"It's why, in the brief time that I was teaching, I plowed a not-insignificant portion of my salary back into building a decent classroom library full of all sorts of books, from marvelous and profusely illustrated books full of facts on pyramids or inventions or famous people to classics of children's lit old and new- from fantasy to gritty urban realism - and no small quantity of not-exactly spectacular (but much read) schlocky series and celebrity bios and such - so that for each kid, somewhere on those shelves one of those books might be the key that opened up that place in the head (the one that then has to be filled with more book)s, or at least kept it open a little longer. For some reason that I'm trying to understand, you'd have demanded that I hide half of them."

No, I'm just saying that in class time -- as opposed to outside reading -- should be used on academic subjects to give the kids more value.

"If I thought you actually understood the issues here, I'm not sure I could be as polite as I'm trying to be."

Well, if I'd read that sentence before starting this serious engagement with you, I wouldn't have taken the trouble, you sanctimonious, elitist prig.

Thers said...


Well, if I'd read that sentence before starting this serious engagement with you, I wouldn't have taken the trouble, you sanctimonious, elitist prig.


The best argument against fiction is probably that it can never be more improbable, or hilarious, than Ann Althouse.

Ann Althouse said...

Thers comes from the school of anti-Althousiana writing that can never think of anything to say but you're crazy/stupid. Really, why do you even care about fictional literature when you are so lacking in creativity yourself, you pathetic old dolt? How's your job, by the way?

Dan said...

Ann - thanks for the lengthy response to to my decidedly long-winded comment. I have a bunch of yardwork to try to finish before it starts raining - acres of goutweed to pull up, curse that plant - but for now, let me just link to Janet over at Adventures in Ethics and Science. She has a fairly concise and elegant reply to the post - and is a philosophy prof & chem. Ph.D., and so perhaps may seem more credible than mere elitist fiction-loving teachers.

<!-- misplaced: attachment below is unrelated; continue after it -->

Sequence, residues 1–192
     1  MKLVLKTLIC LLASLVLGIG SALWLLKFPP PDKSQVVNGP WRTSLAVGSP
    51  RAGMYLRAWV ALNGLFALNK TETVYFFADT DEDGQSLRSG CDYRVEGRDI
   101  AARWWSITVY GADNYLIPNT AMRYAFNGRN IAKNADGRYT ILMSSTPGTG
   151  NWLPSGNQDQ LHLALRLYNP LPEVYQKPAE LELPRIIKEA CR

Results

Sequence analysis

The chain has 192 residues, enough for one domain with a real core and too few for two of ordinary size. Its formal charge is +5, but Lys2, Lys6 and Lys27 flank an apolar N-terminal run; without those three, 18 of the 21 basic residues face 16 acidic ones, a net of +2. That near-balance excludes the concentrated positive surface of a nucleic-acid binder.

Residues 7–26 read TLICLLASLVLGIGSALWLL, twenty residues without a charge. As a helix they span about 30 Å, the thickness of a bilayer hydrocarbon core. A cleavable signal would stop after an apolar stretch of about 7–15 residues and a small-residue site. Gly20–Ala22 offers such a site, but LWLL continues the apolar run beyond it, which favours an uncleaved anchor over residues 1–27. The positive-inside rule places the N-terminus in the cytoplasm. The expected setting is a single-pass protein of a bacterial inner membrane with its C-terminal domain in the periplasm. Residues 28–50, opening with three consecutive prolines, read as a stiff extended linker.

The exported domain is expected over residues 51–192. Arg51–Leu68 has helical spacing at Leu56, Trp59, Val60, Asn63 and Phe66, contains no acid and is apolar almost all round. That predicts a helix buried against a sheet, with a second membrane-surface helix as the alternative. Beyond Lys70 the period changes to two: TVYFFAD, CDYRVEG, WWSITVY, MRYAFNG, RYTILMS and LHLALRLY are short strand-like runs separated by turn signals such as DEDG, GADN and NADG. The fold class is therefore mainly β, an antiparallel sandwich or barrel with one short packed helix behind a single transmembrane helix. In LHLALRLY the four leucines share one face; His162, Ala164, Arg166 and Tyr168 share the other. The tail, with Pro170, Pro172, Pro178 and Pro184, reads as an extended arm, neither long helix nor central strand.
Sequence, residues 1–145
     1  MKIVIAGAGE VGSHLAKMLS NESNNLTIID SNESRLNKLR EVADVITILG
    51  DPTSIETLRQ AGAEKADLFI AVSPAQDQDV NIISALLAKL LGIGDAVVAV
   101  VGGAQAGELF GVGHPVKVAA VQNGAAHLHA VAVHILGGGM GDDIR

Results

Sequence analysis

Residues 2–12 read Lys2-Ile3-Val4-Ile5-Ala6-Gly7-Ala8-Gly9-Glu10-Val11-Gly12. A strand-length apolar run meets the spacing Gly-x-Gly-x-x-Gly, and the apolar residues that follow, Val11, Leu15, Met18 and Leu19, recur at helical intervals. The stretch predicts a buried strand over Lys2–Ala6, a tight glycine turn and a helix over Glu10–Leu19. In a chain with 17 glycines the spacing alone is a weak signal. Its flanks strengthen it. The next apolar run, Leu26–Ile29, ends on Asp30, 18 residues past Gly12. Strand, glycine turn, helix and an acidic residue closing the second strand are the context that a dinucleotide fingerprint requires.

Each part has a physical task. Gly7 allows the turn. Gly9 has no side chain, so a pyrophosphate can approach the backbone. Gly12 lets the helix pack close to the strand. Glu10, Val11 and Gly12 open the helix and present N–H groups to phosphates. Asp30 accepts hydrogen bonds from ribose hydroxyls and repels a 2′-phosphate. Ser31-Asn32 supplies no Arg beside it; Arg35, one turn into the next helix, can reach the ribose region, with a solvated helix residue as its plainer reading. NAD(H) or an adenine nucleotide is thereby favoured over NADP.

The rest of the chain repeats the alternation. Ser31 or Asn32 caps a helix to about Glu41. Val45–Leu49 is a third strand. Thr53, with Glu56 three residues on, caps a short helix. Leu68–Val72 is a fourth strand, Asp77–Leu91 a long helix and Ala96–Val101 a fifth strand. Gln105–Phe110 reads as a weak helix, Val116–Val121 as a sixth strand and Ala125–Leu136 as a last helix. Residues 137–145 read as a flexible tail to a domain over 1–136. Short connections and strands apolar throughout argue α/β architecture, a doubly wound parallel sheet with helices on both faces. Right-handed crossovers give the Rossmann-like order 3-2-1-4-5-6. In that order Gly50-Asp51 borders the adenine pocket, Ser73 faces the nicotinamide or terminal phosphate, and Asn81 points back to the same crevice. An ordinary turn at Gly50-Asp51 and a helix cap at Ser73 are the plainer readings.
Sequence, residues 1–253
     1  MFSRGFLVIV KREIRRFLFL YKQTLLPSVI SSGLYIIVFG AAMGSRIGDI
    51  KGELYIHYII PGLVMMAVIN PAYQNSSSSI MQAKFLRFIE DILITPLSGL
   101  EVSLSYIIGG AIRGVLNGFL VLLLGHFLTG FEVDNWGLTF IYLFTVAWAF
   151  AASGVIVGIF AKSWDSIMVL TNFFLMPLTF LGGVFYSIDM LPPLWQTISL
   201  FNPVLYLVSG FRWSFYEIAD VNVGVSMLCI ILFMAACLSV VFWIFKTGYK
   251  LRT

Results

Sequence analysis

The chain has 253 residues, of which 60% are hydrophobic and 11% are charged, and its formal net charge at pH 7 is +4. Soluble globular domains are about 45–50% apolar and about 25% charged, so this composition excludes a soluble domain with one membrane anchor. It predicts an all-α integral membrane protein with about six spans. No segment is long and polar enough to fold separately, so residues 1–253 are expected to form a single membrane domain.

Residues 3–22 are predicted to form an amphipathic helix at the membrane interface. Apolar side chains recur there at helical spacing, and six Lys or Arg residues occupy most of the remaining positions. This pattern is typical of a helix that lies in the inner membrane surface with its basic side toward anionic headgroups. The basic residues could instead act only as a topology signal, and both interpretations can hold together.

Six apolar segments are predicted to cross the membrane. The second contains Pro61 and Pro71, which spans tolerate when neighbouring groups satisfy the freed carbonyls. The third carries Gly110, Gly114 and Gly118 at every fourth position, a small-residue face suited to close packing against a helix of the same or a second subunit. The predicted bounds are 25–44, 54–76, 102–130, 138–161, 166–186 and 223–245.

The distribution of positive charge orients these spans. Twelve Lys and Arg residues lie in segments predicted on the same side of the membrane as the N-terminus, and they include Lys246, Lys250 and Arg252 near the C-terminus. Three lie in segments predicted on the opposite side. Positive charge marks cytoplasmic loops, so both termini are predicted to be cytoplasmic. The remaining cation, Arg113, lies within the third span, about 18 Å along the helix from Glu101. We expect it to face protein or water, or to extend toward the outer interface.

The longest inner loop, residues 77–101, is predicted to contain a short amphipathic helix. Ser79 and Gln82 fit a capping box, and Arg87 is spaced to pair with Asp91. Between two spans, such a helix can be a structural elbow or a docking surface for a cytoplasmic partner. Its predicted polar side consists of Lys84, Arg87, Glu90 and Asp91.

One thing, though:

"You seem to assume a magical power for fiction . . .
I'm apologize for not writing clearly enough. In the next paragraph of mine you quote, I try to point out that while some children may devour nonfiction, finding little of interest in "storybooks," as you put it, others may be devour fiction, and not be so hot on nonfiction; thus, the class should be exposed to both, as a way of motivating children to work at learning to read, finding it a rewarding and personally useful thing, and thereby improving their reading ability. (Remember, for the purpose of argument I'm only viewing fiction as a handmaiden to other areas, not as something intrinsically valuable (not a position I actually hold.)

In other words, I'm not assuming any difference between fiction and nonfiction, just in the children. One can go overboard in presenting teaching as some sort of mystical art, but all the same, they aren't actually identical widgets. Indeed, tou do something similar in talking about my comparison between your law students and, say, elementary school kids in Philly. You write:
"True enough, but the texts can be written at whatever level is needed. . . . I assume there are people who specialize in rewriting to put the text at the needed grade level.